In 2015, dismayed by the lack of people of color nominated for Oscars, former lawyer April Reign composed a tweet with the hashtag #OscarsSoWhite.
. . .
The #OscarsSoWhite wake-up call is heralded as one catalyst of increasing equality in Hollywood. While there’s still room for improvement, women and people of color led movies in record numbers in 2018.
. . .
Industry observers also credit a certain hiring practice as a catalyst for more equality: the “inclusion rider.”
. . .
Kalpana Kotagal, a partner at the law firm Cohen Milstein Sellers & Toll and a co-writer of the inclusion rider, says that activists and advocates have played a key role in documenting the state of entertainment equality.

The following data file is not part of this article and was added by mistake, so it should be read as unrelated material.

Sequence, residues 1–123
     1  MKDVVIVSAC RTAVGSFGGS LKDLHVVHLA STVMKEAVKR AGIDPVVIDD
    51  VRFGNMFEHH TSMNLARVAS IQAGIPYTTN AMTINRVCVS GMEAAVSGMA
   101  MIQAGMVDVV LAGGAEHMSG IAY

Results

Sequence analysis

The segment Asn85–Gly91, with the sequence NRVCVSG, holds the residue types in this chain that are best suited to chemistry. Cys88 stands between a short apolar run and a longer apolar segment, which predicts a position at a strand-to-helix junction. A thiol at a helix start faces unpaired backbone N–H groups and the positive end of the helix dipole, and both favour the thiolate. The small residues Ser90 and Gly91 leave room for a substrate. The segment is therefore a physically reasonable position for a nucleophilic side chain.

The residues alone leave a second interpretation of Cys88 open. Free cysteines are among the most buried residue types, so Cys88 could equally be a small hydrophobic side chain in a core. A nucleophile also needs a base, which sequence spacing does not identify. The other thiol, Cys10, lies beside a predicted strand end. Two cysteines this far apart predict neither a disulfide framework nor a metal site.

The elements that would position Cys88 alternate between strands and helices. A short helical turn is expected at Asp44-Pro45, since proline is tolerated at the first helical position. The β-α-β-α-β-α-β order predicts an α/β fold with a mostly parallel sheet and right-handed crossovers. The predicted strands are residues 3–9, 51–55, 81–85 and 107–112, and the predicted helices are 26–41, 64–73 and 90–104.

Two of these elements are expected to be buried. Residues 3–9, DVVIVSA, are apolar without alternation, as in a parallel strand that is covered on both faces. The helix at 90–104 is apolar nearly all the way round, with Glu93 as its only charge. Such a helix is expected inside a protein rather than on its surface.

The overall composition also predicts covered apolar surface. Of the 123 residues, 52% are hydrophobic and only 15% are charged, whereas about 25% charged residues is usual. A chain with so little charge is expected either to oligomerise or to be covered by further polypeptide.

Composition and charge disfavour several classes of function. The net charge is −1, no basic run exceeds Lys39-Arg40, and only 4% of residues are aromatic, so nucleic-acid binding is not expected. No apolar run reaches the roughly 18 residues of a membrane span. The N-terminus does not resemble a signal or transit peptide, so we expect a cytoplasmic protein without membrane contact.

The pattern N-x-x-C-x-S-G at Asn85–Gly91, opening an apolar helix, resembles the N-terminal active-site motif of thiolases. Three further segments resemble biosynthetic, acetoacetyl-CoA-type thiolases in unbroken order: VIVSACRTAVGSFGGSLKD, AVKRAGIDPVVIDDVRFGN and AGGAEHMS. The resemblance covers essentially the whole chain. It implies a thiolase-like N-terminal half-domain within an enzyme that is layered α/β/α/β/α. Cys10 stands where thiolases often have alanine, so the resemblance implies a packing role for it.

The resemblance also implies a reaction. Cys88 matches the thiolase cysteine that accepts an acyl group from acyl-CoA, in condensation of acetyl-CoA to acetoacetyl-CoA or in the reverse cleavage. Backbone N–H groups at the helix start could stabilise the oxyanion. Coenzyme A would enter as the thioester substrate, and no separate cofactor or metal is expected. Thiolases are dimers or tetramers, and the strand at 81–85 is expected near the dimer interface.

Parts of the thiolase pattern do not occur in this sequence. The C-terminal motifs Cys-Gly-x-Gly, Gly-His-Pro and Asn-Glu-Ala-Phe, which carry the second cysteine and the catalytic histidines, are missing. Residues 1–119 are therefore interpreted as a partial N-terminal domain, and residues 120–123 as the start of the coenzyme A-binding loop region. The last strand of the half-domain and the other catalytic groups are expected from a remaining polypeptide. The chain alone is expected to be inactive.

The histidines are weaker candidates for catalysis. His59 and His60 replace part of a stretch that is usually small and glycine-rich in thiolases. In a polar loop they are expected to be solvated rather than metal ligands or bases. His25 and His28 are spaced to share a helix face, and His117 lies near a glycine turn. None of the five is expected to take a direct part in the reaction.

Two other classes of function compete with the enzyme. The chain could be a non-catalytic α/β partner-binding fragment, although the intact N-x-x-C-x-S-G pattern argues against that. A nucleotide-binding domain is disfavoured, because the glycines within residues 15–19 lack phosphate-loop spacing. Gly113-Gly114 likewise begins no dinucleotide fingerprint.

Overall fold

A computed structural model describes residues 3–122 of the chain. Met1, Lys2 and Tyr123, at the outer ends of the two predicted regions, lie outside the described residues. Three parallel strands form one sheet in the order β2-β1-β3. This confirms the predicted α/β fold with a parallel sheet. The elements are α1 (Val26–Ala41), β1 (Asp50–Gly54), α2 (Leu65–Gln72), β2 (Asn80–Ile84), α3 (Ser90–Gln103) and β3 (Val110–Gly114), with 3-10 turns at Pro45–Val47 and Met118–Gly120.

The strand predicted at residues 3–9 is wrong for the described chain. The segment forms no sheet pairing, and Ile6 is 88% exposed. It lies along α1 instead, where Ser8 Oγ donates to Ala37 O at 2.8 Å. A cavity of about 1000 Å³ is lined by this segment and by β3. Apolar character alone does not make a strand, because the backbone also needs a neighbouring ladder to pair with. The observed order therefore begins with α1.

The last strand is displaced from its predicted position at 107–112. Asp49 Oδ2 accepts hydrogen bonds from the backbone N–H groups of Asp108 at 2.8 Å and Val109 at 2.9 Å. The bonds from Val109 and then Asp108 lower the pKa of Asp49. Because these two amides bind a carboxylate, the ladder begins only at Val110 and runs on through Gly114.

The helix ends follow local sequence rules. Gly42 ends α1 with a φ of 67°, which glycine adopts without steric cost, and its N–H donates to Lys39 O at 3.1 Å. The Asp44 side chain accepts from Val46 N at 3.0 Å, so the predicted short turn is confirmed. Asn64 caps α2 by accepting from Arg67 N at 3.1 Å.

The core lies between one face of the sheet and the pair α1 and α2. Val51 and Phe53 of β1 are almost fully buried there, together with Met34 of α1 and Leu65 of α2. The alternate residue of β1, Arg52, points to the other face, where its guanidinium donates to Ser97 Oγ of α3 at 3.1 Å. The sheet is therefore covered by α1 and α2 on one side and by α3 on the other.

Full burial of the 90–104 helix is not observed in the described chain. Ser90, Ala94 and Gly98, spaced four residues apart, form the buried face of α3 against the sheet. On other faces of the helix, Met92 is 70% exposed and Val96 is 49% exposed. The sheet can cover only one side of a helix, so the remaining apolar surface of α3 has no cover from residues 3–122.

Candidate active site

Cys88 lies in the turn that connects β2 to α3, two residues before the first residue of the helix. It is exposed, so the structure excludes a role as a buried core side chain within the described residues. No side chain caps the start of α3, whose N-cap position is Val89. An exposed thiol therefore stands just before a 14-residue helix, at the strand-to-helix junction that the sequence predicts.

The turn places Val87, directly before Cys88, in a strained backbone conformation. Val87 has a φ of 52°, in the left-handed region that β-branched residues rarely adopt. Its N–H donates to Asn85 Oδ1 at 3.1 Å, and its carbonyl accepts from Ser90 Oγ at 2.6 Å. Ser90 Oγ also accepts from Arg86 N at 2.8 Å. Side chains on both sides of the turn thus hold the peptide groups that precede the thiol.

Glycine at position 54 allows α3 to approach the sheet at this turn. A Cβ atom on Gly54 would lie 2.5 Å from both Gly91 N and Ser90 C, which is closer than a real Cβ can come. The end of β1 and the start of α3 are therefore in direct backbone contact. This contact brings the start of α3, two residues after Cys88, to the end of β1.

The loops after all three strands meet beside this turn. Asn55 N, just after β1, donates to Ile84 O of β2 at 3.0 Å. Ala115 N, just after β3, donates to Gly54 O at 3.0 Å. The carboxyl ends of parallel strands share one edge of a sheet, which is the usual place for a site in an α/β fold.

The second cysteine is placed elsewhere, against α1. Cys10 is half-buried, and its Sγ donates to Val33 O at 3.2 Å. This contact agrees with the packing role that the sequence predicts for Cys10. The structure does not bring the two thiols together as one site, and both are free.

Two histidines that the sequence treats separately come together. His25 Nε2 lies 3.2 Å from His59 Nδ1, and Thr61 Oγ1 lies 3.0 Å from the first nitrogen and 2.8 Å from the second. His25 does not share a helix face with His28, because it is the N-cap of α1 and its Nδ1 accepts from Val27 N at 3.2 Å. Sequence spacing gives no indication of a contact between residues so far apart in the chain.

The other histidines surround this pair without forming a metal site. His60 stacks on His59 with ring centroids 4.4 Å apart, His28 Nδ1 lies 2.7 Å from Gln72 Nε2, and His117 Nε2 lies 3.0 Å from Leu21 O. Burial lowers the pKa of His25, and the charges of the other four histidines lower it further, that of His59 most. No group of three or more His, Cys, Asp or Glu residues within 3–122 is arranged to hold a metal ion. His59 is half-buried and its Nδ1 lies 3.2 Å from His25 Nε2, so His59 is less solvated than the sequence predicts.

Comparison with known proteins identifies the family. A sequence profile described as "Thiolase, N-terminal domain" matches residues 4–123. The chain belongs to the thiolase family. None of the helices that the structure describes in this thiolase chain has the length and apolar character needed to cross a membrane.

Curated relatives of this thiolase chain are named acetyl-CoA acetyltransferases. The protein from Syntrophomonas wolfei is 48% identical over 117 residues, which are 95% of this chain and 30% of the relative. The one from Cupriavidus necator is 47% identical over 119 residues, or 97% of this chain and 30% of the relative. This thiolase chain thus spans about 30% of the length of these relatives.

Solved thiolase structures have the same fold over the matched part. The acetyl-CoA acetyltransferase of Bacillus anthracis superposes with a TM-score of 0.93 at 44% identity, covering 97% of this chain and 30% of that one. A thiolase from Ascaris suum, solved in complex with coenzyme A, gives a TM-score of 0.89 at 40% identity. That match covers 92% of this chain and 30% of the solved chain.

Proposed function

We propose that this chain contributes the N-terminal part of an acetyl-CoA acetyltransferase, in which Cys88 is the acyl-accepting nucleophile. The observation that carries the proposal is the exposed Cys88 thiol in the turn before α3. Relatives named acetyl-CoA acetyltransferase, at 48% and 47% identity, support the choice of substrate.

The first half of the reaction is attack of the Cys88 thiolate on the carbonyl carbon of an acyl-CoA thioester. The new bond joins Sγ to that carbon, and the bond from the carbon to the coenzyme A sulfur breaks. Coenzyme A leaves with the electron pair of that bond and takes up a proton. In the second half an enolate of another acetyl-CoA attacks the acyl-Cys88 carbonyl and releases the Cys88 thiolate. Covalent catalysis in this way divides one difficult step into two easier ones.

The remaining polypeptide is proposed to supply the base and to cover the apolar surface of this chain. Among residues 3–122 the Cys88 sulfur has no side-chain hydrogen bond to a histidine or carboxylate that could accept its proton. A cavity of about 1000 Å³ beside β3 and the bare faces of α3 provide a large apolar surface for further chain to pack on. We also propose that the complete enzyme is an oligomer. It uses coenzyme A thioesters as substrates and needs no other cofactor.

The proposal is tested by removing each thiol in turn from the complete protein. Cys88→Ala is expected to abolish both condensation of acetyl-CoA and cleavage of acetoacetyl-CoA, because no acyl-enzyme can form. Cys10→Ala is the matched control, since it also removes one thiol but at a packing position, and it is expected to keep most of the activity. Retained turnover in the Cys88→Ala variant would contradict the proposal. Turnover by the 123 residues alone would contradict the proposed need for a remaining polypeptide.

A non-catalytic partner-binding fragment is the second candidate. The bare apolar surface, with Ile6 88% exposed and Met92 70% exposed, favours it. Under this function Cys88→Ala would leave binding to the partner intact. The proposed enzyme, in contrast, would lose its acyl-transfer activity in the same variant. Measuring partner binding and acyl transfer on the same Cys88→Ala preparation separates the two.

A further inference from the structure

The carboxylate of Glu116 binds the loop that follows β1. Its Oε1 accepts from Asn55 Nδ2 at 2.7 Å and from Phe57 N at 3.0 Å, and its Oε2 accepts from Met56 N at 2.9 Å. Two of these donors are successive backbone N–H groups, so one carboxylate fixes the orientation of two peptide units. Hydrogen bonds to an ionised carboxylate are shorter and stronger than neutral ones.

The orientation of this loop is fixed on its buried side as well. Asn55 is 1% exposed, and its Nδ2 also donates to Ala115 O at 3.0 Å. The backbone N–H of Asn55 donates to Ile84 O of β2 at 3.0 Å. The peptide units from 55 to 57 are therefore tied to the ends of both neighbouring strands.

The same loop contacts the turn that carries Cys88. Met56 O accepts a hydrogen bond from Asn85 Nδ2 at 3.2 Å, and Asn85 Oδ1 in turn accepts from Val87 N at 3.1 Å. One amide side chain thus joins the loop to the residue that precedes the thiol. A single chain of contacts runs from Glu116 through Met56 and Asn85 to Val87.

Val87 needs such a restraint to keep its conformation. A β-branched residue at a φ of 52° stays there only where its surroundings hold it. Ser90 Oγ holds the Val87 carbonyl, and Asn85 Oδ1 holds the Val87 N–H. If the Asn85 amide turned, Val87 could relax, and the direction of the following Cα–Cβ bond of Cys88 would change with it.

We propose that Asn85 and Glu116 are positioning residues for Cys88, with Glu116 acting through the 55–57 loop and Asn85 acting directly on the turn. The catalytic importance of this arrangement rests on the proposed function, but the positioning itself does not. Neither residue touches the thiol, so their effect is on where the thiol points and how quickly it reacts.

“We need to have transparency about what’s actually happened so that it can be measured,” says Ms. Kotagal. “And that measurement allows us to show how stagnant the industry has been.”
Embraced by a growing list of stars that includes Michael B. Jordan and Brie Larson, an inclusion rider clause can be inserted into the contracts of sought-after performers to ensure the hiring of more women, people of color, LGBT individuals, people with disabilities, and members of other marginalized communities.
The full article can be accessed here.